Being in the hole for necessary reasons and receiving a black mark on my record has been a stressful struggle. The morning I was released from the hole was the very morning my grandmother passed away, having to find this out over the phone tore at my heart. Being released, from the hole, once again having to acclimate to another unit full of criminals, hoping my new cell mate is better than the last can be over whelming. It took me almost an entire week to get my personal property back, left with one pair of underwear, pants, shirt, toothbrush and a bar of soap, forced to wash my underwear each day in the shower. All of these things made life in prison more stressful than one can imagine. I’m not typing all this information to bring my readers down, please don’t stop reading. I’m saying all this to shed light on the growth and strength in character that I continue to find in myself during struggles like the ones that I’ve had to endure during these last four + years of my incarceration. In the past, before coming to prison, getting sober, making countless efforts and setting numerous goals in preparation for a successful future, I would have fell into one of many deep depressive states, wanting nothing more in life than to self-medicate, numbing any kind of real feelings, forgetting about my problems and creating more problems along the way. I can no longer live like this, even if I wanted to. I know I have the strength and will, and the intelligence to face my problems head on, with a strong driving force to find a proper resolution and move forward. I can no longer go through a single day avoiding a problem or intentionally creating new ones. I face problems head on, sometimes it’s scary, and sometimes I have to think long and hard before making a decision, however scary it may be. At the end of the day, I truly believe that all these things have happened to me in prison for a greater purpose, preparing me for road blocks in society and teaching me how to deal with problems like any other responsible adult does every day. I’m thankful for the problems I’ve had to endure in prison. If the last 4+ years of my life in prison were easy and without conflict, I most certainly would not have learned as much as I needed to in order to be best prepared for my future, and for that reason I continue to thank God at the beginning and at the end of each day.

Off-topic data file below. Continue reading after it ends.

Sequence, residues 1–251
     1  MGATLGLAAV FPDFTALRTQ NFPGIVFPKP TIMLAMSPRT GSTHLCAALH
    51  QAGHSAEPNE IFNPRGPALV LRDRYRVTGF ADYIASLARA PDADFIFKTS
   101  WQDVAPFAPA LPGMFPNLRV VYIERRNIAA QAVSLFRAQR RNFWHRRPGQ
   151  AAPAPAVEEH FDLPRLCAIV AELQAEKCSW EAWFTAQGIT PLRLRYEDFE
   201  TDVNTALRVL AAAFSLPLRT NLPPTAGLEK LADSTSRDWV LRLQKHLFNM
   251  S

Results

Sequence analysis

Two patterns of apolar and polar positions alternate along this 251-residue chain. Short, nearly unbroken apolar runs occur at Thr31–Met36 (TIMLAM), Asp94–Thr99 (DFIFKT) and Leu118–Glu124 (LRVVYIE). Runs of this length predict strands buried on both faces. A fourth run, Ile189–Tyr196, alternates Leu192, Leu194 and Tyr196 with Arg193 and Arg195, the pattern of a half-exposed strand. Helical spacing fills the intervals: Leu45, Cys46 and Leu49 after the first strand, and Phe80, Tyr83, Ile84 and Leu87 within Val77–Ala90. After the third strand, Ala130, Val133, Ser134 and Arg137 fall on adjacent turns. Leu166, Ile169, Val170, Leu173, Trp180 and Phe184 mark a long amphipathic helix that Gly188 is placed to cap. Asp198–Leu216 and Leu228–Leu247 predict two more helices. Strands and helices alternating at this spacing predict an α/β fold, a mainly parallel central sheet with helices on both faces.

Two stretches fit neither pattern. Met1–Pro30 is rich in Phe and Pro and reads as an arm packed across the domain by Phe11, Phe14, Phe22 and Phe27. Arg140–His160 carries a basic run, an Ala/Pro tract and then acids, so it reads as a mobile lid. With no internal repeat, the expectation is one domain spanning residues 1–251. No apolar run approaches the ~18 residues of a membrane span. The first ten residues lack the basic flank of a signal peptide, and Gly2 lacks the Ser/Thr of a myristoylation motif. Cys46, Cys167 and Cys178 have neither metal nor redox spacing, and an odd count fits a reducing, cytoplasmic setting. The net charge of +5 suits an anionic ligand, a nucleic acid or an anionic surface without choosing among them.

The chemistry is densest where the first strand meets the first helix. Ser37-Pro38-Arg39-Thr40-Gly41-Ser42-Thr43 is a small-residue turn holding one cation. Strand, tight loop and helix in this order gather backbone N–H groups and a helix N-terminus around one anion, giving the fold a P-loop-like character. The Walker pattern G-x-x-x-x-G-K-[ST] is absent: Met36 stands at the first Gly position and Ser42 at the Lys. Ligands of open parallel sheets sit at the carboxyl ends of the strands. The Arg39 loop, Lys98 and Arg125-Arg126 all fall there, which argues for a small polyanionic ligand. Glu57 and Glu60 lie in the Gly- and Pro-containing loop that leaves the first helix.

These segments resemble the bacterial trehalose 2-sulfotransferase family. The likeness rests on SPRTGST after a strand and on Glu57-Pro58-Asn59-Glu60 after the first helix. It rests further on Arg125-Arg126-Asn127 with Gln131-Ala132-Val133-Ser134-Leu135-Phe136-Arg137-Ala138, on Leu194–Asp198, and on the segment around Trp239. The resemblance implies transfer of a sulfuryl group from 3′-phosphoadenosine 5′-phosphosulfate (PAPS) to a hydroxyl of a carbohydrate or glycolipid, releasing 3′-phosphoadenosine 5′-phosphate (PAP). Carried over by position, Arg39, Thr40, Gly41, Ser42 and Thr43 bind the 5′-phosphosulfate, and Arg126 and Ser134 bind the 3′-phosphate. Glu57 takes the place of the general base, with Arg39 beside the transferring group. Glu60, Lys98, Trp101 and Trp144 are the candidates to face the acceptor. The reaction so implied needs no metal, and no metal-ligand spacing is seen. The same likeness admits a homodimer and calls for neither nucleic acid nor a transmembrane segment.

Steven Dybvad

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